PO Box 180923
Boston, MA 02118
Contacting the Land Trust
For all matters regarding the South End Lower Roxbury Open Space Land Trust please call us at (617) 334-5988. To get in touch with our individual gardens for more information or how to get on their wait lists click here and fill out the ‘Contact a Garden’ form.
Each of the community gardens elects or appoints a representative to the SELROSLT board. The board elects a president from membership. The president is a volunteer position, focused on day to day operations of the gardens, coordination with the City of Boston and membership. The individual community gardens send plot fees to the Land Trust to pay liability insurance and water service. Individual gardens are intended to be democratically self-governing, and the form of governance varies from garden to garden. Some gardens elect a coordinator, or two coordinators; others elect a leadership committee.
FUNDING & OPERATIONS
The Land Trust operates with funds raised through garden plot fees, fundraising activities including the annual South End Garden Tour, and varied other events. Additional funds from private and public sources, via direct grants, have contributed over $1,000,000. Funds have been used to provide water systems, decontaminate soils, to install consistent iron fencing and granite curbing, and to build gazebo community spaces in the local gardens.
Plot sizes vary from a small 5′ x 9′ to larger 14′ x 28.’ Gardening members come from the immediately adjoining neighborhoods. Individual gardens vary greatly in what is grown and harvested. Located in two diverse urban neighborhoods, a wide variety of food, flowers and plant material is grown based somewhat on ethnicity, ancestry, or if a gardener is a recent immigrant, their home country. Land Trust rules allow individual garderns to grow whatever they choose in their plot as long as it is not grown for commercial sale. Most garderners grow a mix of vegetables and ornamentals. A few of the gardens operate a composting system to convert discarded plant material to soil and fertilizer. Roughly half of the gardens have perimeter borders termed community borders, which are planted with ornamental plants, flowers and small shrubs.
Membership is open to individuals and families interested in urban gardening. Each community garden maintains a waiting list. Most individual community gardens have a membership committee which manages the waiting list, works with the garden’s leadership committee, and helps orient new gardeners to the garden. Waiting periods vary by garden and there are no statistics available on wait time. Members pay an annual plot fee, and an additional Land Trust membership fee. Costs are moderate, and payable on a sliding fee. Members may vote at an annual meeting, participate on committees, and are required to maintain their plot in a clean and productive state.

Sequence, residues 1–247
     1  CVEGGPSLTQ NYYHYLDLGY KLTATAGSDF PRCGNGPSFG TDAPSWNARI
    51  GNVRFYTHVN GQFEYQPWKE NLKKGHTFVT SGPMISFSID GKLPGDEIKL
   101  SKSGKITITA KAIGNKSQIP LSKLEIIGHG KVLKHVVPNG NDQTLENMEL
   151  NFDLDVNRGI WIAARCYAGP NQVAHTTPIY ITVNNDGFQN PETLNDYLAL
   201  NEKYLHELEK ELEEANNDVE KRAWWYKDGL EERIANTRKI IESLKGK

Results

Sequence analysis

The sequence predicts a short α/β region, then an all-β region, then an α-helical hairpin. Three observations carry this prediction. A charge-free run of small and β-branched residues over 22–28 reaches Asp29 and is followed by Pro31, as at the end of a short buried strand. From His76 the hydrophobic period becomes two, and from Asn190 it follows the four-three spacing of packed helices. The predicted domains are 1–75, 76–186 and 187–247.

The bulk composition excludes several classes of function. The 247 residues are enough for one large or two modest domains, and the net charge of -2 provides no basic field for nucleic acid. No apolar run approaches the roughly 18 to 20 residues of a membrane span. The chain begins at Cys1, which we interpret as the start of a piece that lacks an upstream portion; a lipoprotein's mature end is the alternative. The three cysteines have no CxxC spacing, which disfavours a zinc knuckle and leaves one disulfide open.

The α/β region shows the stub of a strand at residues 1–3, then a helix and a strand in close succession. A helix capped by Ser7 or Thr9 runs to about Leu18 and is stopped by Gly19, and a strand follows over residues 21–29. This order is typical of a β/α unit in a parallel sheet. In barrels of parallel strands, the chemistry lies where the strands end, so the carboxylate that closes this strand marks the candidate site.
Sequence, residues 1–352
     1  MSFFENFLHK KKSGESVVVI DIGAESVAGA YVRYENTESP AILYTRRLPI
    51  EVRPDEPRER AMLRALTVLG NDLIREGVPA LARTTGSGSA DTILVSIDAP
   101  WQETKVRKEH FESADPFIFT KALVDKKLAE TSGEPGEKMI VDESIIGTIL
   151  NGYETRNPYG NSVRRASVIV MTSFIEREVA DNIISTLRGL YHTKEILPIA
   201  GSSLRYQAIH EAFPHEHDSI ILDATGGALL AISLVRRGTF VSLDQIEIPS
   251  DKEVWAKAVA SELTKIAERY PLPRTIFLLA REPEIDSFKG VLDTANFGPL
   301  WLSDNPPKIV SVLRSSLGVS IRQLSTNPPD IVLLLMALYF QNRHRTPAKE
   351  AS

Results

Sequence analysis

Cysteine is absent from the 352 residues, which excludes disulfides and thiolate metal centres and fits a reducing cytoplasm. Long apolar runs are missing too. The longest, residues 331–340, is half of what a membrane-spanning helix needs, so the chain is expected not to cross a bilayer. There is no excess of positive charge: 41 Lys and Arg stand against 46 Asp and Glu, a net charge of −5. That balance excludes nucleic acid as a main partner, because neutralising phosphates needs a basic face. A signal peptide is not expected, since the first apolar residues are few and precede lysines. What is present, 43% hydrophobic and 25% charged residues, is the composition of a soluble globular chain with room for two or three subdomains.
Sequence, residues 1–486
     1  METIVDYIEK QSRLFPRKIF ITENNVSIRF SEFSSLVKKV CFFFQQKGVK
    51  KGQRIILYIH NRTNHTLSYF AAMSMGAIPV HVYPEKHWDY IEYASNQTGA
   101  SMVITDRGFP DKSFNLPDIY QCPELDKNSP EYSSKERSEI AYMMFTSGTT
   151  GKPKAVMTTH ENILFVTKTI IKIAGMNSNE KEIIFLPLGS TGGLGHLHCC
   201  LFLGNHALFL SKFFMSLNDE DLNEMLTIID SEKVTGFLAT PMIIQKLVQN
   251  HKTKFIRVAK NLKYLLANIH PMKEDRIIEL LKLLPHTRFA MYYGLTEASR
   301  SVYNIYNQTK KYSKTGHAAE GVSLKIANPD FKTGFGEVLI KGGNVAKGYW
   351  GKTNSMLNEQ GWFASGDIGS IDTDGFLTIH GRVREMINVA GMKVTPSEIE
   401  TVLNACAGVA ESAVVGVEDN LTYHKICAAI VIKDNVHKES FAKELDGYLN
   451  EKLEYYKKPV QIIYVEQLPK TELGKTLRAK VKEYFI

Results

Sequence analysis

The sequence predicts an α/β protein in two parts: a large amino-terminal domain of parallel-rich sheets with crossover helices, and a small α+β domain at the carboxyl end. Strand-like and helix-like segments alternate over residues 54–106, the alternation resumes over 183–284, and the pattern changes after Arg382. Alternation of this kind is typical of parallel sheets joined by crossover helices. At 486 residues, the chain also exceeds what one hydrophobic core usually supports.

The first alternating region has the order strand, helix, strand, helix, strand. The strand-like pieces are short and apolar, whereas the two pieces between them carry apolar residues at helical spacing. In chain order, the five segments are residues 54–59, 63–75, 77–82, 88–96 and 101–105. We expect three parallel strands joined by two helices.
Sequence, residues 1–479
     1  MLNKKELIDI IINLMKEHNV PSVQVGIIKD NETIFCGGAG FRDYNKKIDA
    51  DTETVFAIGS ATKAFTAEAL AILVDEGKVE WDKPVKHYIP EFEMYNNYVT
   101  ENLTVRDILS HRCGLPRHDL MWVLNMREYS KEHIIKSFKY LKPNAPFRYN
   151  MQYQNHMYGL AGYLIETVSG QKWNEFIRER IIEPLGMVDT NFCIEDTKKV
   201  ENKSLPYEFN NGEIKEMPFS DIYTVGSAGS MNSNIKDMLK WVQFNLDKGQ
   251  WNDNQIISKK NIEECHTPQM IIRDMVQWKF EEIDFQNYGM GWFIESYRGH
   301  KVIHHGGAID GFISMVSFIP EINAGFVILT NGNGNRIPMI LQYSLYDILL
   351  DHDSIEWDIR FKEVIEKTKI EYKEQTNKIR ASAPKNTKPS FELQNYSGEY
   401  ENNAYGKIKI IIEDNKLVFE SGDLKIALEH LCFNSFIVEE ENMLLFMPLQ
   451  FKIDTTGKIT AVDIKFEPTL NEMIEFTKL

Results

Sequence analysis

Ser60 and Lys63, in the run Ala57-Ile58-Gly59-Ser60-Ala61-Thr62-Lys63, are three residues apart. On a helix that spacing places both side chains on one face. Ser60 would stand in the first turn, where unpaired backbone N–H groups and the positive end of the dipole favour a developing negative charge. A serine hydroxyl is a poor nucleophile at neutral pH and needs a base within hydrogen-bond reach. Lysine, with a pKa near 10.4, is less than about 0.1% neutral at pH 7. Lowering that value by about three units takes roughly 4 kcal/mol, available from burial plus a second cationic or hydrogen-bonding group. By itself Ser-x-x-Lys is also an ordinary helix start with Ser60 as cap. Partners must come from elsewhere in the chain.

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Here are two ways you can help out The South End Lower Roxbury Open Space Land Trust
|Buy a ticket to the South End Garden Tour! The 2012 Tour is on June 16, 10am-4pm. Not only do you help out the Land Trust, but you also get to see many private gardens you’d have no other chance to see. Pay by American Express, Discover, Master Card, Visa, or PayPal. It’s quick and its easy. Your tickets will be available at the ticket sales tent on the day of the tour. Just bring your printed or electronic receipt with you.
|Make a donation online now! Donate with your American Express, Discover, Master Card, Visa, or PayPal. It’s quick and its easy.
The South End Lower Roxbury Open Space Land Trust works to acquire, own, improve, and maintain open space for community gardening and pocket parks in the South End and Lower Roxbury neighborhoods of Boston for the public benefit in perpetuity.
The Land Trust was established in 1991 with the intent to incorporate and protect eight established community gardens. The existing gardens were owned by a variety of institutions, none of them with long term legal protection. The legal incorporation as a non-profit organization with an elected board composed of neighbors created an entity that was able to partner with The Trust for Public Land to purchase the range of properties from a variety of owners, and set in place a process to use and care for the gardens in perpetuity. Many of the original eight gardens were primarily food producing, helping to augment the budgets of low and moderate-income urban families. Land Trust gardens continue to be places of food production, as well as gardeners growing ornamental plants.
Today SELROSLT holds and operates sixteen community gardens, gardened by approximately 600 gardeners, and accessible to their adjacent neighborhoods. Individual gardens have received awards from the Massachusetts Horticultural Society, the City of Boston, and Horticulture magazine. Three SELROSLT community gardens have been the subject of the nationally distributed WGBH-produced program The Victory Garden.